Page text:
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Year : 2017  |  Volume : 5  |  Issue : 1  |  Page : 14-20

Surface changes of primary tooth enamel by commonly used pediatric liquid medicaments: A scanning electron microscope study

1 Department of Pedodontics, Himachal Dental College, Sunder Nagar, Himachal Pradesh, India
2 Department of Pedodontics and Preventive Dentistry, Punjab Institute of Medical Sciences, Jalandhar, Punjab, India

Correspondence Address:
Sudhir Mittal
Department of Pedodontics, Himachal Dental College, Sunder Nagar - 175 002, Himachal Pradesh
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Source of Support: None, Conflict of Interest: None

DOI: 10.4103/jpd.jpd_15_17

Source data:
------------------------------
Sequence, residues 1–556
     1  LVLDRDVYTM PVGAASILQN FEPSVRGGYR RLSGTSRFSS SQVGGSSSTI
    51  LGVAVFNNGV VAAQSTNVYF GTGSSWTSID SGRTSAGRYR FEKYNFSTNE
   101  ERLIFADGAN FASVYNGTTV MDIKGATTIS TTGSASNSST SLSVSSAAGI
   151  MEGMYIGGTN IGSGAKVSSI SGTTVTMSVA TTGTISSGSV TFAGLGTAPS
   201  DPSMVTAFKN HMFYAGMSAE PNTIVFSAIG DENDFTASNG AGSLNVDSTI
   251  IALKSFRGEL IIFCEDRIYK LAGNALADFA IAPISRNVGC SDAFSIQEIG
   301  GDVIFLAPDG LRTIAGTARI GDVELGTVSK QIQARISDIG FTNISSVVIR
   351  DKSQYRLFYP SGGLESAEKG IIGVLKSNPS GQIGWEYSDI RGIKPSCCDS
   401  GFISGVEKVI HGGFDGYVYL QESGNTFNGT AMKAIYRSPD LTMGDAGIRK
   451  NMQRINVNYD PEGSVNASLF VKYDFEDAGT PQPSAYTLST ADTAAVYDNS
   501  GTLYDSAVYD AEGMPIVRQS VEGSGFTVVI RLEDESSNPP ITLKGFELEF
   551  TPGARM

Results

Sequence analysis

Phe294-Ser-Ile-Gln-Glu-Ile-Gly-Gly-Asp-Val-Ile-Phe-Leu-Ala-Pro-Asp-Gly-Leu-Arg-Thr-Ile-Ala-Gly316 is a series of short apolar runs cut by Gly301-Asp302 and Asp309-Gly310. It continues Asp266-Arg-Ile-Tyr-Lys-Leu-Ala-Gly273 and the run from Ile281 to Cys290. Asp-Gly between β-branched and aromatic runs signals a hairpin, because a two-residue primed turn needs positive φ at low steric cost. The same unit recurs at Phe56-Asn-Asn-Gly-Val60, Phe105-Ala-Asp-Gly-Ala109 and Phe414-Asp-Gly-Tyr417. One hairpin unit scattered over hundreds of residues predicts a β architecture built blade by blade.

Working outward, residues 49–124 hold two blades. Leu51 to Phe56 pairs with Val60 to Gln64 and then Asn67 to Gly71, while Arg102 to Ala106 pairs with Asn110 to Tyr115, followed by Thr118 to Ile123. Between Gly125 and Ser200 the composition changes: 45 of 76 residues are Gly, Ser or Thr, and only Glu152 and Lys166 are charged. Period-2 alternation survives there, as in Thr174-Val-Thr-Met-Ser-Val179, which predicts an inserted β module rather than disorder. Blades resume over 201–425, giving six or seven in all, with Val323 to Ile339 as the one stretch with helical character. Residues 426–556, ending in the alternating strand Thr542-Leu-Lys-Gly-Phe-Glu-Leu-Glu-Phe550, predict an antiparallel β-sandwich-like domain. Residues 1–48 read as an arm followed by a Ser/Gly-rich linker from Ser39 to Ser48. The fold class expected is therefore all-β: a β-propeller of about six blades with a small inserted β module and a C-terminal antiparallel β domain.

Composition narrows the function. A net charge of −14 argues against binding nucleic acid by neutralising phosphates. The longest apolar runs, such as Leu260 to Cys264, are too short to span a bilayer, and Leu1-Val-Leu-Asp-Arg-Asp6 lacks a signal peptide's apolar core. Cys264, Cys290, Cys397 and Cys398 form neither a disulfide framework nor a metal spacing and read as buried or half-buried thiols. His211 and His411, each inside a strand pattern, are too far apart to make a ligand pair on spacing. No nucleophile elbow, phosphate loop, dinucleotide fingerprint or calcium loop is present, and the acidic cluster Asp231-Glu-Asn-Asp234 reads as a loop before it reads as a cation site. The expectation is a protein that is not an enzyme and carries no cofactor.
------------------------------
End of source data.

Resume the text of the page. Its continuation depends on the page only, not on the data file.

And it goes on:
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The present in-vitro study was conducted in primary teeth in order to evaluate the erosive potential of eight commonly used pediatric liquid medications (PLMs) using scanning electron microscope. 8 most commonly used Pediatric Liquid Medicaments and 27 extracted teeth that were near to exfoliation were collected. The endogenous pH of all the Pediatric Liquid Medications was measured using a pH electrode meter. The 27 teeth were divided into two groups, the control group (n = 3) and the study group (n = 24). Three teeth in Control group were immersed in artificial saliva for three different time intervals 1 min, 10 mins. and 8 hours. In experimental group, 24 teeth were also maintained for 1 min., 10 min. and 8 hours in 8 different pediatric liquid medicaments with 3 teeth in each medicine for three different time intervals. For all the teeth of both groups ,the primary enamel surface changes were then observed under Scanning electron microscope. When viewed under Scanning Electron Microscope, all the PLM's showed an erosive effect on the Primary Enamel Surface. Crater formation was found with most of the medications followed by etched prism pattern and sporadic rod ends. Acidic pH was seen with most of the pediatric liquid medicaments used in this study which causes dental erosion. Dental erosion eventually predisposes to dental caries, so it is important to educate professionals and parents regarding use of Pediatric Liquid Medicaments in children.

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